The new re-blogging system of WordPress is good, it takes care of notifications to the original blogger…although there should always be that information in the very top of an article.   Admittedly I’m lax about this, and although try to specify the original source in the headline of the post, and include an introduction as to the author.    A link is easily copied from the address bar.

The thing that worries me is that someone will think that a post is mine, where in fact it is written by someone else.

 

 

 

 

 

 

Change in the Neighborhood…Photo Op

 

My new camera is wonderful.   I love it…the way it feels, the reassuring heft, the quality of the photos.    The colors are glorious, landscapes good and clear, and focus…well, focus is not my strong suite.   I used to blame it on my eyesight, on the camera itself, pesky f-stops and shutter speeds, and my own tendency to shake.     But now the brutal truth of photography is shining brightly in my face in four large words:  read the manual stupid!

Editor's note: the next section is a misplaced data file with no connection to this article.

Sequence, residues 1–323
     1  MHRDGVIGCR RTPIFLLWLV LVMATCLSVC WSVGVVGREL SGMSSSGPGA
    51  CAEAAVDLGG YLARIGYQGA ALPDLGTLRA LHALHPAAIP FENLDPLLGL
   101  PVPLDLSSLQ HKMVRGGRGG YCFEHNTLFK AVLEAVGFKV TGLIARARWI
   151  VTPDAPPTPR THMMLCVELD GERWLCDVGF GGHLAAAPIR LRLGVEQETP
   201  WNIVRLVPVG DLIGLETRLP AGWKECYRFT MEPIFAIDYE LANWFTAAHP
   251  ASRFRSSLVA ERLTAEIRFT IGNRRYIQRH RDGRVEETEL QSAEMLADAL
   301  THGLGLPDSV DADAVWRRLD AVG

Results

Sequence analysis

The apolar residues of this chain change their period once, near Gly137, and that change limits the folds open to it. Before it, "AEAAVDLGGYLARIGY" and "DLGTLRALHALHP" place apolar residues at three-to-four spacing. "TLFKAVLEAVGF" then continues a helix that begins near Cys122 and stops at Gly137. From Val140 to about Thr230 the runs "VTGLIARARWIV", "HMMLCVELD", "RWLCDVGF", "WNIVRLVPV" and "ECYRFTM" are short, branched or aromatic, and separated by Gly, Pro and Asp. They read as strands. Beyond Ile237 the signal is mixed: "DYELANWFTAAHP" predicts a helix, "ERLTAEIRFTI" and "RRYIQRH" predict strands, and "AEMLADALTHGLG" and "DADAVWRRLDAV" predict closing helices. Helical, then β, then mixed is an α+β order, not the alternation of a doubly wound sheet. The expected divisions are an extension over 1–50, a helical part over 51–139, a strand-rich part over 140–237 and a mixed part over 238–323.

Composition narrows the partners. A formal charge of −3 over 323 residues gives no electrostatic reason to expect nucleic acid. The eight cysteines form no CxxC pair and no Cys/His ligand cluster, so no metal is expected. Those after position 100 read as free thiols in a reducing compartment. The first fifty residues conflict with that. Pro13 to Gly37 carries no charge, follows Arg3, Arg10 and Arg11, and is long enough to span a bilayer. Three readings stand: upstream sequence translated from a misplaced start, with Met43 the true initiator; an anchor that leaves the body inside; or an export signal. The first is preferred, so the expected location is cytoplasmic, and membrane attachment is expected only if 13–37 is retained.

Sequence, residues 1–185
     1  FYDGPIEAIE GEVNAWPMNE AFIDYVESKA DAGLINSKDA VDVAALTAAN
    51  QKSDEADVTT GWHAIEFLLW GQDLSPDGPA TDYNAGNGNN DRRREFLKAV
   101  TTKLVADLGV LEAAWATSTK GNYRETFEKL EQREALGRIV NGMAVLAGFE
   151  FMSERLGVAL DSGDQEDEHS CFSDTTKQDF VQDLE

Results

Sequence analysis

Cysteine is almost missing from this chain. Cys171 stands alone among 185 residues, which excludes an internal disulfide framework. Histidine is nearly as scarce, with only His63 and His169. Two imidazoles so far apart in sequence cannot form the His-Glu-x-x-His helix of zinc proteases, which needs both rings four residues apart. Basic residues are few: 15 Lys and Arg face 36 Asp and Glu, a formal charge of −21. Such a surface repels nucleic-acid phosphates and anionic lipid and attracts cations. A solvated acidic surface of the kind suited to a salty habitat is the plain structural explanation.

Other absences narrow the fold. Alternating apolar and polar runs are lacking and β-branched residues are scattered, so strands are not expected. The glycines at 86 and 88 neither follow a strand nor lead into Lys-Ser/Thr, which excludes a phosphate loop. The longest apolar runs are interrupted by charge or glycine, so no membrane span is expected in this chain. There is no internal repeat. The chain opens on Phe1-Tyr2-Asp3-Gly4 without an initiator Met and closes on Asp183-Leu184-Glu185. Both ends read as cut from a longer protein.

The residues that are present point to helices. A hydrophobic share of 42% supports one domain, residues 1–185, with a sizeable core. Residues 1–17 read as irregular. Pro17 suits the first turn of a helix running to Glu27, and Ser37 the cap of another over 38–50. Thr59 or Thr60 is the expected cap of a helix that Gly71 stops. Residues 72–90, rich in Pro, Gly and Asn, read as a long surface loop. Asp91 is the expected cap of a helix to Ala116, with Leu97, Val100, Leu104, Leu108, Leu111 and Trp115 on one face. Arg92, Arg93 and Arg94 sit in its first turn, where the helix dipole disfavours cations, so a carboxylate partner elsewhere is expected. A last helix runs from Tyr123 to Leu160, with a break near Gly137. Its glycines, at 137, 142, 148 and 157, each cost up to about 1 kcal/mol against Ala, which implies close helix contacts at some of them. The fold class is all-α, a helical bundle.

Actually I’m not stupid, just impatient.  The simpler the camera the less there is to know of techniques and tricks of the trade.   Point-n-shoot….way to go.   Except that I want to learn how to be a real photographer, not just a picture-taker.      Fully recognizant of the need to study the basics and memorize a few simple tips such as keeping the camera battery charged…and checking to see that there is an SD card in place.

Even as I write there is an imminent barn-collapse in the works across the road, where they are tearing down a big old greenhouse operation and are in the end-time of demolishing a big 100-year old barn and some assorted out buildings.    The greenhouse structures are already gone.     I do have photos of the destruction and clean-up.

Both of my camera batteries are charging.  Really.    My new Sony DSC-HX80 needed to be charged, and so did my little blue Sony which I like to keep fired up for back-up…and besides, it doesn’t require much thinking.

So hopefully the little orange charging lights will turn to green before the barn becomes a pile of rubble.

The latter may be a really big deal, as the front edge of the barn is maybe 20 feet from the edge of the road pavement.   It has been there for a century, before there was much of a road.    The operation will probably need a police car, maybe a fire truck…and a flag-person-crew to direct traffic.

… stay tuned.

 

SIDE SHOT BARN HOUSE TOYT
See house to the SouthWest of the barn.

B

SYMBOL'S BIG BARN
All these buildings will come down. 
BIG BARN GOOD CLOSE
The big dumpsters are rented, and when full are taken away to the dump.